Why Hilton is on the list
Hilton has two rare assets going for him: His burst and his quarterback. Hilton became known as a rookie for his big plays; he had four touchdowns over 35 yards, with three plays over 60 yards. He finished fifth in the NFL in yards per catch. But it's not his long speed that impressed me so much on NFL Game Rewind. It's Hilton's ability to go from zero to full speed in an instant that stands out.
I could have chosen only big plays by Hilton in this post, but I wanted to show the play above as an example of why Hilton is special. The Colts designed just as many plays for Hilton last season as Reggie Wayne. There were a lot of bubble screens and quick throws, often with Hilton in motion. The Colts wanted to get the ball in Hilton's hands and let him work his magic. You can't teach that kind of burst.
Hilton displayed clear shortcomings despite piling up 861 yards as a rookie coming out of Florida International. I didn't realize how many easy passes Hilton dropped until watching all his snaps. ProFootballFocus.com ranked Hilton as one of the five worst receivers in the league in "drop rate." It wasn't just the routine pass; Hilton often struggled to make tough grabs on the sideline. He's not a player who excelled at catching passes over the middle either.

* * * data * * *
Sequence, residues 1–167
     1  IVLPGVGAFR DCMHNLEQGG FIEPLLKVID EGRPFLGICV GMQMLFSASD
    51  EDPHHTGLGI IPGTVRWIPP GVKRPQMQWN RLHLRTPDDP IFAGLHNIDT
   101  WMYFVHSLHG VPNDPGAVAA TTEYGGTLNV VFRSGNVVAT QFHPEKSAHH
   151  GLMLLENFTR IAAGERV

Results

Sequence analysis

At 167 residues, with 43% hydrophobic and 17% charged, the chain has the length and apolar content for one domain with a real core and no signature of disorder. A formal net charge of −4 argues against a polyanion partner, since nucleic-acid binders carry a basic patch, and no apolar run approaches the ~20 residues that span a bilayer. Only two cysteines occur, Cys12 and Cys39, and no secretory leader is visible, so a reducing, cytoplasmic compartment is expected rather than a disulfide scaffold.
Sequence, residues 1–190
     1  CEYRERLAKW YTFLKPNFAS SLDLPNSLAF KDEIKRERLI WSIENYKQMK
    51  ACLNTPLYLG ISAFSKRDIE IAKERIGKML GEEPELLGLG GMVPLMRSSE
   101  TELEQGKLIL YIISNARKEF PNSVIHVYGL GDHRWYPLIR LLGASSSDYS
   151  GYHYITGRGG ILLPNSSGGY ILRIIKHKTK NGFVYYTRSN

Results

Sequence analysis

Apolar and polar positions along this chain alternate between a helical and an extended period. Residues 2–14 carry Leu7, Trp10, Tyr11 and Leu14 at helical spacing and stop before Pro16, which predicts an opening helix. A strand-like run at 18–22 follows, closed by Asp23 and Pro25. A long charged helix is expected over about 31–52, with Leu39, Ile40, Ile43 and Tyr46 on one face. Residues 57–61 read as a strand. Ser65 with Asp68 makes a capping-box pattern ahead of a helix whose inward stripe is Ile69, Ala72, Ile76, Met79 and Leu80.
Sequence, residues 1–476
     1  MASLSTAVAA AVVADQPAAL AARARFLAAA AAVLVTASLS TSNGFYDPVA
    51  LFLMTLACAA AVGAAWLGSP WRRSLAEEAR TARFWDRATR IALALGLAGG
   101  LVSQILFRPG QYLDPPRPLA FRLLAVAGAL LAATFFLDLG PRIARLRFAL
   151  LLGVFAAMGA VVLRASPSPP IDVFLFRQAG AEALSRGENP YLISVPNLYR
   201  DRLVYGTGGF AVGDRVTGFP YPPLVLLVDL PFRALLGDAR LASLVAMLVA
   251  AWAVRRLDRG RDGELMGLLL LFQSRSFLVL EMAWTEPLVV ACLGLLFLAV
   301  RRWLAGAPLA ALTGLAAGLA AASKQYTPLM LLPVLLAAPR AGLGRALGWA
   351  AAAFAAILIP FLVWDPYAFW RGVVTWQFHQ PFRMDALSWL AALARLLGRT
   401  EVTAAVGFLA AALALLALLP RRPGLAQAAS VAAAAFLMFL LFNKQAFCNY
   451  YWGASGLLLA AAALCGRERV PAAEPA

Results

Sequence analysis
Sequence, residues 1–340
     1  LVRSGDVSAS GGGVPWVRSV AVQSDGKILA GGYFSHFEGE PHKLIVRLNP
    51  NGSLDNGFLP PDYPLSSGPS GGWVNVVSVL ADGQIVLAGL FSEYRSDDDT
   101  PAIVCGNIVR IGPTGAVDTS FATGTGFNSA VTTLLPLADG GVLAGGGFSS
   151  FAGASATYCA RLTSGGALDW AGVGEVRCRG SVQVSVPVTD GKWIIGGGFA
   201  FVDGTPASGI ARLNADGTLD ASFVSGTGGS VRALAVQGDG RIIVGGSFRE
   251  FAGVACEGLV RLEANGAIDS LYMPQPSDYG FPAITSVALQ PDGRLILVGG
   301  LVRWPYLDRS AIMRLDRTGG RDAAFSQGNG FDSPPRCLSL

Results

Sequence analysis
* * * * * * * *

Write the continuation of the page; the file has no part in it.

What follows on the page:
One area Hilton improved upon during the season: his mental approach. Early in the season, you could tell that Hilton and Andrew Luck were not always on the same page. In the play to the right, Luck expects Hilton to sit down in a zone coverage against the Cleveland Browns. Hilton keeps running, and the pass almost gets picked off. Perhaps the adjustment from Florida International to the NFL overwhelmed Hilton at times.
A lack of hands and size (he's 183 pounds) could get in the way of Hilton becoming a star. He is willing to take a hit and be aggressive but appears to lack concentration. If Hilton can correct his problem with drops, his production should soar.
Hilton played fewer snaps last year than Donnie Avery, who is very similar to Heyward-Bey as a straight-line speed guy. Hilton has a higher ceiling and a more natural feel of the receiver position. He just has to show improved awareness and consistency as a second-year pro.
If Hilton played in Jacksonville, he wouldn't be on this list. But Luck's presence gives guys like Hilton and tight end Dwayne Allen a real shot to be annual Pro Bowl selections. (Chris Wesseling had a great write-up on Allen here.) Luck is our favorite young quarterback in the league and could be a top-five quarterback as early as this season. Guys like Hilton will look even better than they really are, and that should mean a 1,000-yard season for Hilton in Year 2.